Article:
§ MR. B. S. STRAUS (Tower Hamlets, Mile End)
I beg to ask Mr. Attorney-General whether he is aware that the British South Africa (Chartered) Company is about to issue fresh capital on purely gambling terms, i.e., they are offering to their shareholders 1,000,000 shares of £1 each at par, notwithstanding that their present market value is about 15s only, but those taking these shares are to be entitled to purchase a like number of shares in two years' time at par and again a similar number at the same price in 1912, which simply means a call on such shares for four years at par; whether he can put a stop to such an apparent gambling transaction, seeing that the company holds a charter from the Government; and, if this does not come under the heading of a lottery or gamble, will he suggest legislation to prevent this kind of thing occurring in the future.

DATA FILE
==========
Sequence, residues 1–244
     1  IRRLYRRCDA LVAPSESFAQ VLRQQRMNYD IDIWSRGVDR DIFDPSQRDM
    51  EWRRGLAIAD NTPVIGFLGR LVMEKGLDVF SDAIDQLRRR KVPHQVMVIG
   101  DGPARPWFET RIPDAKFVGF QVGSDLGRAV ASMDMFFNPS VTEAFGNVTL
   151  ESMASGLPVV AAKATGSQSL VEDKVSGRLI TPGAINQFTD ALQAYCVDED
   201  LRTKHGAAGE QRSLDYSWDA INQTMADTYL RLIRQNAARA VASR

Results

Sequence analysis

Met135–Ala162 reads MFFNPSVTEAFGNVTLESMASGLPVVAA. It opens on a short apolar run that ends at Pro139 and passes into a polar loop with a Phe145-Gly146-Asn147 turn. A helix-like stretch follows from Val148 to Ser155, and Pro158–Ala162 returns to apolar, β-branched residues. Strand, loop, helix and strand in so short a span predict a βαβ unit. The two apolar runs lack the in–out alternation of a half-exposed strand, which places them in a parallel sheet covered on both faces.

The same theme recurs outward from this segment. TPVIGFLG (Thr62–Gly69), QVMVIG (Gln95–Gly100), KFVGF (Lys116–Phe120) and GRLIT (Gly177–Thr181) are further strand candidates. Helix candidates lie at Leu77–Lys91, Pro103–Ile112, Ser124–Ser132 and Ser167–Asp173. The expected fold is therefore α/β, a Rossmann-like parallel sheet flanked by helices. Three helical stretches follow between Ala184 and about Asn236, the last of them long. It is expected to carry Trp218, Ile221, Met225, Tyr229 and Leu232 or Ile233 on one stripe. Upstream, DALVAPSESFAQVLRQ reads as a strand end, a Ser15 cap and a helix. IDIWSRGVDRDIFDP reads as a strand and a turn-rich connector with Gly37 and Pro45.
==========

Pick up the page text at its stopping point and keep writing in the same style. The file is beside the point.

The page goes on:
§ SIR W. ROBSON
was understood to say that the transaction did not appear to come within the Gaming Act, though it involved some degree of risk to the public in holding out the hope of a contingent profit. Speculation, deplorable though it might be, was not necessarily the same thing as gaming according to the Acts dealing with that practice; 60 otherwise many useful commercial transactions would be affected.
§ MR. BOTTOMLEY
asked whether, having regard to the financial methods adopted by the Chartered Company, the hon. and learned Gentleman would consider the propriety of advising a cancellation of the concession and of placing the Government of Rhodesia under some control free from Stock Exchange influence.